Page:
Skip to 0 minutes and 14 secondsSPEAKER: Although we've known about cancer for over 2,000 years, it has taken us a long time to understand what is actually going on in the disease. A number of people have contributed different ideas before we came to today's perspective. In this video, I'm going to tell you the story of how our understanding of cancer has changed over time. Hippocrates, the famous Greek philosopher, was arguably the first person to come up with a theory of cancer. He coined the term, carcinoma, from the Greek karkinos, meaning crab, based on how cancer spread into normal tissue. Hippocrates had a theory that the body consisted of four humours-- blood, phlegm, yellow bile, and black bile. When they were in balance, you were healthy.
Skip to 0 minutes and 56 secondsWhen they were out of balance, you got disease. In his theory, cancer was an excess of black bile, or, melaina chole, from which the term melancholia arises. The idea being that black bile also caused depression. Later, this theory was developed further by the physician Galen. He suggested that cancer was caused by black bile circulating throughout the body. And then it can then deposit in different areas and grow indefinitely. His views controlled medical thinking in the Western world for around 1,300 years. Things started to change when a Belgian guy called Andreas Vesalius came along, who was professor of anatomy in Padua in Italy. Vesalius took the radical step of actually testing these ideas by dissecting human bodies.
Skip to 1 minute and 43 secondsHe failed to find any trace of black bile, thereby, basically shooting down Galen's theory. So if black bile wasn't the cause of cancer, what was? Well, let's fast forward to Rudolf Virchow working in the 19th century. So this is after the microscope and after the discovery that the human body is made up of cells. And he had made the important discovery that all cells arise from other cells. Virchow started to examine patients with blood cell cancers. And rather than the presence of bile or pus, he noted that the blood of these patients had a milky white layer on top, due to an excessive number of white blood cells-- cells that were present in normal blood, but in much smaller numbers.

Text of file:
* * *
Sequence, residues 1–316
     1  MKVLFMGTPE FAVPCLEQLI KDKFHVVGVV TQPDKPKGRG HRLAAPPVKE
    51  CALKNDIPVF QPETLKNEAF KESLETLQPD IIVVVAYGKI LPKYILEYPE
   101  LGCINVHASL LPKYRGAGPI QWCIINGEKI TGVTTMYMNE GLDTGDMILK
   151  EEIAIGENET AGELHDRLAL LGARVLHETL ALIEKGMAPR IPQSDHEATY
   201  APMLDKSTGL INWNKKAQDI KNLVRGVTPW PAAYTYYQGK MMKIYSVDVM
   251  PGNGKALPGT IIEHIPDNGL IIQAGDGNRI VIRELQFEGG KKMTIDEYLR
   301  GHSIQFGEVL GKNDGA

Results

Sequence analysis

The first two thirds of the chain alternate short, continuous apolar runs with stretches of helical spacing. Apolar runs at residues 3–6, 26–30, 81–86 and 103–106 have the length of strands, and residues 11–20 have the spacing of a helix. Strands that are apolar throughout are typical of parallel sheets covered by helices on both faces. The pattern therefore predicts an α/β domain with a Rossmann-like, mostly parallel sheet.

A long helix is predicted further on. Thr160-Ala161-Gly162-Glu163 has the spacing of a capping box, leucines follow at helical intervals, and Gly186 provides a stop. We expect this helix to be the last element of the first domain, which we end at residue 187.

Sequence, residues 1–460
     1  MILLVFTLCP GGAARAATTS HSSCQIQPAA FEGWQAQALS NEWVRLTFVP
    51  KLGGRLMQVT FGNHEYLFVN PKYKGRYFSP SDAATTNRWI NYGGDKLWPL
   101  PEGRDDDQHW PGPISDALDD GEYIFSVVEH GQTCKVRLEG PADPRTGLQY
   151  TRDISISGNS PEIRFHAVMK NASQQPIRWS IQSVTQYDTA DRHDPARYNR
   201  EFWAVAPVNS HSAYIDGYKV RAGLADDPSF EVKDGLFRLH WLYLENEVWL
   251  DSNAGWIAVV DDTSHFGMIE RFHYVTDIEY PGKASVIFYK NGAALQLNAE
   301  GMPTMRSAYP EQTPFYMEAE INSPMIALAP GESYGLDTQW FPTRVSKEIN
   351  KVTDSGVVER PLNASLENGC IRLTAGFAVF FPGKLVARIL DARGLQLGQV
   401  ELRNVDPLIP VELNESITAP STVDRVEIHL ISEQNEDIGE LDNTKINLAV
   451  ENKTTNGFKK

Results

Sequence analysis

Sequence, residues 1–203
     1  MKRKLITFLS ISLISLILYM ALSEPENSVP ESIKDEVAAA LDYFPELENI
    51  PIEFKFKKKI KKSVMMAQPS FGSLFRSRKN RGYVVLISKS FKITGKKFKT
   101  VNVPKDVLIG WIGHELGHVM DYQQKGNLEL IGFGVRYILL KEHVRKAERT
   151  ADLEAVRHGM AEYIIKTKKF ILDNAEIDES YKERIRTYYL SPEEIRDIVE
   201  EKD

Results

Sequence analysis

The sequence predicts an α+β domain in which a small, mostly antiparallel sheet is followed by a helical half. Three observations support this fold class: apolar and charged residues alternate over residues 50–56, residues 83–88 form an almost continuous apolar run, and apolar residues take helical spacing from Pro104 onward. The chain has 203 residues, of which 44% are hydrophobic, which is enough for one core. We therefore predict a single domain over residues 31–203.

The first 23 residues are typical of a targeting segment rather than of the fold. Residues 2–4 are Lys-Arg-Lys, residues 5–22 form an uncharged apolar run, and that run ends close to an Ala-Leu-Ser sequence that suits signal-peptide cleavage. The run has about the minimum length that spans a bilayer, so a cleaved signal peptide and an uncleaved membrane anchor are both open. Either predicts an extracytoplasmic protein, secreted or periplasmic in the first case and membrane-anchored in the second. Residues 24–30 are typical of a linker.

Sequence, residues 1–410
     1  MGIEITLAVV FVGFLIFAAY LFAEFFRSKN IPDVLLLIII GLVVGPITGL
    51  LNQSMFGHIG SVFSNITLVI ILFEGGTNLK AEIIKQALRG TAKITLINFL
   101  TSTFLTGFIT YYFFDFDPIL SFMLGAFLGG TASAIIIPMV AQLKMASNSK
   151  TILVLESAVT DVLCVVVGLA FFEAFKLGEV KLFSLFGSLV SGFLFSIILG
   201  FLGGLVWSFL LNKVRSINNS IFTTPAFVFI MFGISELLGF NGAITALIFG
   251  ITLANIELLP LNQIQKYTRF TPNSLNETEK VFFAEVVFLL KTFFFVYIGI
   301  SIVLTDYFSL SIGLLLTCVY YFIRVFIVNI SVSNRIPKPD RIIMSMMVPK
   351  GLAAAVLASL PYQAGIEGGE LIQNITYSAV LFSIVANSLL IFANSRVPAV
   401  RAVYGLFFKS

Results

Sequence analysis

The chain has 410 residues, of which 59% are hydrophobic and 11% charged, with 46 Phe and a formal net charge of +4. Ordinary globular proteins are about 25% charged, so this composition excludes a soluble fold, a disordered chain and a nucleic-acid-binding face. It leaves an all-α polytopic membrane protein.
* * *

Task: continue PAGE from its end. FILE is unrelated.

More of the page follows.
Skip to 2 minutes and 26 secondsIn fact, he named the disease after this observation. Initially, he called it weisses blut, meaning white blood in German. Then, he changed it to the Greek, using leukos, meaning white, and aemia, meaning blood. The disease-- leukaemia. Virchow's observations and those of others around the same time were some of the first indications of a fundamental principle of cancer, and one that still holds true today-- cancer is caused by our own body's cells multiplying out of control. Nowadays, we have a much more sophisticated understanding of what cancer is. And scientists recognise there are certain recurring hallmark features of the disease. These include the fact that cancer cells contain changes to their genetic code, their DNA, compared to normal cells.
Skip to 3 minutes and 14 secondsIn other words, mutations-- making them subtly, but importantly, different. The fact that cancer cells are often self-sufficient in terms of growth signals, explaining how they grow outside of the normal controls. The fact that unlike normal cells, cancer cells can multiply indefinitely without stopping. They are essentially immortal. Finally, we understand a lot more about how the changes that take place in cancer cells enable them to spread around the body. However, despite this, they still, at a fundamental level, are our own cells-- the point that is really important when it comes to how our immune system sees cancer.
What is cancer?
In this video, Professor Ben Willcox describes what cancer is and how perceptions of it changed dramatically over time before we came to today’s perspective.
Reflect on any new information or ideas and share your thoughts with other learners in the comments area.
If you would like to learn more about the history of cancer, you might like to read ‘The Emperor of All Maladies: A Biography of Cancer’ by Siddhartha Mukherjee, which is available to purchase on Amazon.
© Cancer Immunology and Immunotherapy Centre, University of Birmingham